“Just a spoonful of sugar helps the medicine go down, … “ We sure love sugar because it helps to make our lives sweeter. But over the centuries, sugar has had an unsavory side to it, too. This week, Desiree Bridge of the Southport Historical Society hosted a Zoom and Facebook Live presentation called “The Sweet Life, in which she revealed the history of sugar and other culinary sweeteners.

Dieters know all too well that the human craving for sugar is unrelenting. Desiree explained that as tastes for sugar grew, early sugar operations in the Canary Islands soon moved into the Caribbean, and ships supplied the port cities of colonial America with sugar for tea (another story for another day) and cakes. Molasses, derived from the second boiling of sugar cane residue, was used in cooking.

But production of sugar, as students of history are keenly aware, was inextricably linked with the inhumane practice of slavery. The planting, harvesting, and boiling of sugar cane required significant labor, and the process was only profitable if that labor could be secured through slavery or indentured servitude. The human suffering was intense, as was the environmental damage, since vast areas were deforested to keep the fires burning.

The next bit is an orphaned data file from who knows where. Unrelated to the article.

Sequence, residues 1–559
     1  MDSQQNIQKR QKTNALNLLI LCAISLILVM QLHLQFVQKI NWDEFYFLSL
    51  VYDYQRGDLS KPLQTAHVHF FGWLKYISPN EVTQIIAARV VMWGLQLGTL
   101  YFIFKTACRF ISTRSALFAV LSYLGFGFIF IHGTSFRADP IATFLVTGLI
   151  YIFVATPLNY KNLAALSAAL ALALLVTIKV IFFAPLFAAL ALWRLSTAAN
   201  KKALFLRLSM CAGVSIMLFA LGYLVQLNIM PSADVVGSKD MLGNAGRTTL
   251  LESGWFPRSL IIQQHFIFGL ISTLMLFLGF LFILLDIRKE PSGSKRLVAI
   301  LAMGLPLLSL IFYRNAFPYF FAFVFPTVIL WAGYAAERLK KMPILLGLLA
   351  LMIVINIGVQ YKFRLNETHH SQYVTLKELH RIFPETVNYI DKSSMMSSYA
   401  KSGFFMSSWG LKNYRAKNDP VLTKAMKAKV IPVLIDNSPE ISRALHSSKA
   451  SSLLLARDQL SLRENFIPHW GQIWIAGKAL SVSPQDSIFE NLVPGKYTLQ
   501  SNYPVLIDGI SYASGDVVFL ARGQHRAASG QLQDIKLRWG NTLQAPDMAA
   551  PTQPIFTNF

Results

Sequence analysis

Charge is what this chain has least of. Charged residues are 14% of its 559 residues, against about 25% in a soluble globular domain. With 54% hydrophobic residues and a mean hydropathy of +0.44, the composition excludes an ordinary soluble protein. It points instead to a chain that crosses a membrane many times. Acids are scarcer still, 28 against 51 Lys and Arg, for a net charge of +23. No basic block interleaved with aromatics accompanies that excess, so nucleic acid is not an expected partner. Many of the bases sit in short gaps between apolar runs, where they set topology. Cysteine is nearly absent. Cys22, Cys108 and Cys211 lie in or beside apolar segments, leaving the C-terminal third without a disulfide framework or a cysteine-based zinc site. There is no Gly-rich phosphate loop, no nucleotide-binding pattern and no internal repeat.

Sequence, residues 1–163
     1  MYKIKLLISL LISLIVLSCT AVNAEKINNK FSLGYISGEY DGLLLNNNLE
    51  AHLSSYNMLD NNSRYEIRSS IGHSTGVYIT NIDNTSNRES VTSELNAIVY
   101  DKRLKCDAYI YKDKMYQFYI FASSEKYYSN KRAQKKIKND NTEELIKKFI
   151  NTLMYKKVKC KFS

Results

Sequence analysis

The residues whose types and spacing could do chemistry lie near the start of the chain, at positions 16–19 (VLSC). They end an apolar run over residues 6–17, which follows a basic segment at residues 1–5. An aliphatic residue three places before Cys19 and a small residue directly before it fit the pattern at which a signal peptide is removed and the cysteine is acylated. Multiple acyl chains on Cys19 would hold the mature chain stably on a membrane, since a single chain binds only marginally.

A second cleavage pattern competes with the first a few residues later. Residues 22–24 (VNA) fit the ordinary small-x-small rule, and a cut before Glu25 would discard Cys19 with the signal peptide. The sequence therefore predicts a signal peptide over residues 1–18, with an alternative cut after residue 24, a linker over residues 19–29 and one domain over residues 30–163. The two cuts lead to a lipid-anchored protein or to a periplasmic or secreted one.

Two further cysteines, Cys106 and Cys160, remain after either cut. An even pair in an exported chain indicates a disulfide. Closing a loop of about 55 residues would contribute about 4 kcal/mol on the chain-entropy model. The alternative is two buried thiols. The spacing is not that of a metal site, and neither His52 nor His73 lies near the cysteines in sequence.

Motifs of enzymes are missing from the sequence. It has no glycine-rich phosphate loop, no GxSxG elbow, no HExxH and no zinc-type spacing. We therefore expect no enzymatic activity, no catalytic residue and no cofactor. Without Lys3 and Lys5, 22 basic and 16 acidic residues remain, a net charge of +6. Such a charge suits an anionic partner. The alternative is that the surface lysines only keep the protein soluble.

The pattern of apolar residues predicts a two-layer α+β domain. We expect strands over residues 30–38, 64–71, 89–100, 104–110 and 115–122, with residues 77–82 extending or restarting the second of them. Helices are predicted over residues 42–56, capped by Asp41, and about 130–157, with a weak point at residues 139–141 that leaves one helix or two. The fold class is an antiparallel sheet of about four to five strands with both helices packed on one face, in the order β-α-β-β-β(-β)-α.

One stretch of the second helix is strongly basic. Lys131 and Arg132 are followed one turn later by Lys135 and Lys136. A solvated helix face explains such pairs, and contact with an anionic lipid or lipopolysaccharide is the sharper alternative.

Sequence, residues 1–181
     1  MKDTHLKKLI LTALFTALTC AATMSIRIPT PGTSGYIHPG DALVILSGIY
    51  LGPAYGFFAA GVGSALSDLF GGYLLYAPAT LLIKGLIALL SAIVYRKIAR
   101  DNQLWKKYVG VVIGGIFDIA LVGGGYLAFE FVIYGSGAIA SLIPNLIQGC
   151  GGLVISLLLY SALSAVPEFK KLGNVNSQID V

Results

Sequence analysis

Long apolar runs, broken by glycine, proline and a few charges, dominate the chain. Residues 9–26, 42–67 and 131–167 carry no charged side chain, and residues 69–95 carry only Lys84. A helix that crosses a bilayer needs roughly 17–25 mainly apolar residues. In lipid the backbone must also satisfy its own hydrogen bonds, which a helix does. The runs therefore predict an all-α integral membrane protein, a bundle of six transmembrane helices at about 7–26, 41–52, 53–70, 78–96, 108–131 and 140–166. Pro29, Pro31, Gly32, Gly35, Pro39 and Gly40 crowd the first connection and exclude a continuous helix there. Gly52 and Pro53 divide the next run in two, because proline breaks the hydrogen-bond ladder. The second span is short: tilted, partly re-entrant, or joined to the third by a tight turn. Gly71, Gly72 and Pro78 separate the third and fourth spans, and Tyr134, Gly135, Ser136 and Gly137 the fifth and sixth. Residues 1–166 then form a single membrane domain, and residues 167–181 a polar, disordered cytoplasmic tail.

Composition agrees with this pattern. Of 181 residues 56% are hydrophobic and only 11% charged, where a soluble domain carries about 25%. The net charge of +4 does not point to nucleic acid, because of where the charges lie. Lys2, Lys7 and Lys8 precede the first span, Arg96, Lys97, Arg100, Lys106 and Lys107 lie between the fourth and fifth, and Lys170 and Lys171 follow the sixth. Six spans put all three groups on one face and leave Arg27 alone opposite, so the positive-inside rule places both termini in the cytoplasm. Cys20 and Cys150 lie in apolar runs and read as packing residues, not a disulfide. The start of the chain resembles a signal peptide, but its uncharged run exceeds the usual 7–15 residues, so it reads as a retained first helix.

Into the mix came alternative sweeteners: maple syrup and honey, both readily available in colonial America. Maple syrup was derived from tapping the abundant maple trees, then boiling down the sap to a thicker syrup. Honey? Well, the industrious honeybees did most of the work, keeping many species of flowering plants pollinated in the process.

Weaving together history, agriculture, biology, and cooking, Desiree kept the audience engaged with her articulate and good-humored presentation. She shared historical recipes for honey cake, gingerbread cake, maple pie and other glucose and fructose laden delights, and it was clear that live, in-person presentations (with samples) could not come soon enough.

While we salivate in anticipation of that wonderful day, here is the link to the recorded presentation of The Sweet Life if you missed it (or if you’d like a second helping!)